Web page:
And, just like my grandmother, I can see a field across the road. The field here, though, belongs to a cat that I have often spotted prowling across it. I have taken the liberty of naming this feline, “Sneaky Pete”.

cat in the field

The clocks have fallen behind, ushering in shorter, darker days. Instead of dreading these changes, I am determined to spend my November counting my many blessings. I’ll continue to record them in my gratitude journal. When I need light or warmth, I’ll sit by the fireplace. I’ll find joy in playing laser pointer with Alderaan. I’ll hug Luna when she gives me the opportunity to do so (she’s a Daddy’s girl).

I’ll celebrate when the sun breaks through the cloud cover, when the blue jays call from the cedar hedges, when I am able to spend otherwise gloomy mornings writing fiction.

As I wrote in my previous blog post, my left foot and ankle were mysteriously swollen last weekend. I am pleased to report that they are now deflated! They’re completely back to normal, and well-supported within a foot/leg brace that I need to—and will—wear more often. I have foolishly resisted wearing my braces at home; afraid that they’d be damaged somehow. It’s time, however, to put aside that fear and accept my braces for what they really are: blessings.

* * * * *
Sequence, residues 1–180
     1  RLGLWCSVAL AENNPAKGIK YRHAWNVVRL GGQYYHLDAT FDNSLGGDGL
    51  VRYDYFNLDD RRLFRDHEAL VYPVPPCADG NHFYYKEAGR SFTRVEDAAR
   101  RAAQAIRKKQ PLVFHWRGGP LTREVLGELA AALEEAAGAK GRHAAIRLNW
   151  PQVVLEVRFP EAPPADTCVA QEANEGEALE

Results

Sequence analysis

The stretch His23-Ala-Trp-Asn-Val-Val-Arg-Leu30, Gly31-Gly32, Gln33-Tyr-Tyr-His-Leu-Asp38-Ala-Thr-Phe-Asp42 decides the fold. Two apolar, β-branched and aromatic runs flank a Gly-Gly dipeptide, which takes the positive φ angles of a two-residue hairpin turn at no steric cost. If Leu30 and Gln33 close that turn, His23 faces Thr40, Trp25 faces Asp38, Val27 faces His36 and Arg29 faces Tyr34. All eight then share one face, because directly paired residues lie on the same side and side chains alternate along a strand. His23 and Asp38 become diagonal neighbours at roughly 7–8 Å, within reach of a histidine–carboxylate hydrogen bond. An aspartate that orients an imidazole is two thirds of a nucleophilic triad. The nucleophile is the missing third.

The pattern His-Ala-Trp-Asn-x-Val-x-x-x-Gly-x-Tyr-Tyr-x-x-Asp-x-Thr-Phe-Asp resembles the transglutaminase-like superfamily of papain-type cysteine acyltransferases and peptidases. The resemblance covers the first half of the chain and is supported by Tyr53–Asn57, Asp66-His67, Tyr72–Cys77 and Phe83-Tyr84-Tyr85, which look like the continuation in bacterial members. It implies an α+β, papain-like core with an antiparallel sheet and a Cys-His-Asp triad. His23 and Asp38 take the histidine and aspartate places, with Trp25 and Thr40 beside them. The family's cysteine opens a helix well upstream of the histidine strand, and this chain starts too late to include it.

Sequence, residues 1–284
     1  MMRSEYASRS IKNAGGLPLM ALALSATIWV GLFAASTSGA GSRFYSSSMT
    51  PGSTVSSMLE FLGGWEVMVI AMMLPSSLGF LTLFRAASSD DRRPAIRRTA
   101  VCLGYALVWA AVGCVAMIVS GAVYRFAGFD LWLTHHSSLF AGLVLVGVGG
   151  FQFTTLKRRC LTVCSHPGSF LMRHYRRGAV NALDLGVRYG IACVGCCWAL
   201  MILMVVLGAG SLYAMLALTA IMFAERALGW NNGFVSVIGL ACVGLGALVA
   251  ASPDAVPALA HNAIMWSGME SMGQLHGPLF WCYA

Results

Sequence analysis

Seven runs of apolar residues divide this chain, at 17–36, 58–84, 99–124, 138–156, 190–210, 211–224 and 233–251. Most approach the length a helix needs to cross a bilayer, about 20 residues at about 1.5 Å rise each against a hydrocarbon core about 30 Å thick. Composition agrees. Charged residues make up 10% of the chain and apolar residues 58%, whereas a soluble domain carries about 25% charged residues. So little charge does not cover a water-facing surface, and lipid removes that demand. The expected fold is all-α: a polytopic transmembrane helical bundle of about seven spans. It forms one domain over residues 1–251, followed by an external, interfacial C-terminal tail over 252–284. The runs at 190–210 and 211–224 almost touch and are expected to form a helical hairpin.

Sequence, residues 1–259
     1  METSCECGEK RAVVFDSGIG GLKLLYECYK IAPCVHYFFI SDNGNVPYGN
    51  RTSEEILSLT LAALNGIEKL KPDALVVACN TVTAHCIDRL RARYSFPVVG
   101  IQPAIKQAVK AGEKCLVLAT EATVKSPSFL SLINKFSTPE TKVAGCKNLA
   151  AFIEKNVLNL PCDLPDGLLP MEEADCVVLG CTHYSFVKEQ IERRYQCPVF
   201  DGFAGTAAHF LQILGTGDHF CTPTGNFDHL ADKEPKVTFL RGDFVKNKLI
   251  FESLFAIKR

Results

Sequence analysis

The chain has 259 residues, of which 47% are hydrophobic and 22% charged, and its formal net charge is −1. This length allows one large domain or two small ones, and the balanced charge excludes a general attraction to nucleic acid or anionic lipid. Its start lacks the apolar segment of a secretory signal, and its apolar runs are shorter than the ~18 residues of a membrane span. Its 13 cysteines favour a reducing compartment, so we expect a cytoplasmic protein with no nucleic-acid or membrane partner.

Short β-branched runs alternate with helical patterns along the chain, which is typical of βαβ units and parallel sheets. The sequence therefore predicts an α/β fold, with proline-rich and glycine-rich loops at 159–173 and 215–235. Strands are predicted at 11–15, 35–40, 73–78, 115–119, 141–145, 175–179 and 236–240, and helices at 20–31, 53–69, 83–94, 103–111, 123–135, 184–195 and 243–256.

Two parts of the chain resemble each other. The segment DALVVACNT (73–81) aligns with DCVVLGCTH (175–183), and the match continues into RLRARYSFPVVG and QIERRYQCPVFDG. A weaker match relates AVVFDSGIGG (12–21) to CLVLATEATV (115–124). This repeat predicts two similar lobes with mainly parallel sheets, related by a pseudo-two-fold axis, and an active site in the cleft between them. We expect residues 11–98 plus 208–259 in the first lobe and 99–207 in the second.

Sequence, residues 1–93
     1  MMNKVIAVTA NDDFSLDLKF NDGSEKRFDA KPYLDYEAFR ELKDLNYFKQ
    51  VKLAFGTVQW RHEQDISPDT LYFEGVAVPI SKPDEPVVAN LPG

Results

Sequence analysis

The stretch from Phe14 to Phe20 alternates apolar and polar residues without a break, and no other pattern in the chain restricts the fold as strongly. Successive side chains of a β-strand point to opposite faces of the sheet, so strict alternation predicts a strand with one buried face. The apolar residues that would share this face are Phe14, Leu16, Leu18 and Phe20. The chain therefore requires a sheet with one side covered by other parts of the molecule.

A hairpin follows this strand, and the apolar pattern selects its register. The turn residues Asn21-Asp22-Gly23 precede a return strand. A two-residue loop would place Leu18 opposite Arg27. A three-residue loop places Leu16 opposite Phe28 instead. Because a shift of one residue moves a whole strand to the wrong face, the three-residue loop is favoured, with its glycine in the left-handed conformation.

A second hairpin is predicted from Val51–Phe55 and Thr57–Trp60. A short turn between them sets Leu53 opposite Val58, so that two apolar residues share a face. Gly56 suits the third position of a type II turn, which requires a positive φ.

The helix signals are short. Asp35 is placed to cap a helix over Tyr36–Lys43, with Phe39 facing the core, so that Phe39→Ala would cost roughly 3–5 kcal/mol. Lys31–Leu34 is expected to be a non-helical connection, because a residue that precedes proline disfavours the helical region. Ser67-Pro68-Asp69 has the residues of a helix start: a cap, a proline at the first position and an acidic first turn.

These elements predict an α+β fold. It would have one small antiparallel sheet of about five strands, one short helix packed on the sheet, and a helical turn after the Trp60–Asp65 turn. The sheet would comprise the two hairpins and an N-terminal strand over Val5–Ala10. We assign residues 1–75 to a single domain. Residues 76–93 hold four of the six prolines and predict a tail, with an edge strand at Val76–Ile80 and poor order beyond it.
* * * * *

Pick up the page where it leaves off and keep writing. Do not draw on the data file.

Thank you, Dear Readers, for all of the kind words, thoughts, and prayers that you have sent my way. You were heard and I am so grateful for your love and light.

 

With Love & Gratitude,

Laura

To “Be Still”

Last week I wrote about promises, including a promise that I made to Alderaan to play laser pointer with him every morning. As I stated previously, this promise is also a promise to me—to slow down and cherish the little moments of this life.

One reader (thank you, Victoria!) reminded me that God also calls us to, “be still”. This sounded familiar to me…but not familiar enough that I could recite the book of the Bible that it’s located in, the chapter number and/or the verse number. Curious, I asked her to point me in the right direction.

The Biblical passage that she had in mind was, Psalm 46:10.

In the New International Version of the Holy Bible, Psalm 46:10 reads as thus:

He says, “Be still, and know that I am God;

I will be exalted among the nations,

I will be exalted in the earth.”

As someone with multiple anxiety disorders, being still is not my forte. I am a restless person with perfectionist tendencies. It’s not a fun mix. Even when I am over-tired, I will force myself to check the next thing off of my “to-do” list (i.e. wash the dishes, fold the laundry).

This weekend, though, I had some help with the call to “Be Still”. My left ankle and foot were mysteriously swollen. In an effort to reverse that trend, I had to sit down with my foot elevated. It was torture! I had too much to do! Christmas is coming—I have ornaments to make (guess my family knows what they’re all getting now!). Lounging on the couch, with a bag of frozen peppers on my foot, had not been a part of my plan.